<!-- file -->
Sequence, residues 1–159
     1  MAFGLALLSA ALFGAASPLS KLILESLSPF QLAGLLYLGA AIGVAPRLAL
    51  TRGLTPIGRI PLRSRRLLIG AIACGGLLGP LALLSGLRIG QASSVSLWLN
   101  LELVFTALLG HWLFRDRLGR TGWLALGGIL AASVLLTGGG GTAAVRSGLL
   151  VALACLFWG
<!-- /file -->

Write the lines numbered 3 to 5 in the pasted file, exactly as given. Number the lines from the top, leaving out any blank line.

    51  TRGLTPIGRI PLRSRRLLIG AIACGGLLGP LALLSGLRIG QASSVSLWLN
   101  LELVFTALLG HWLFRDRLGR TGWLALGGIL AASVLLTGGG GTAAVRSGLL
   151  VALACLFWG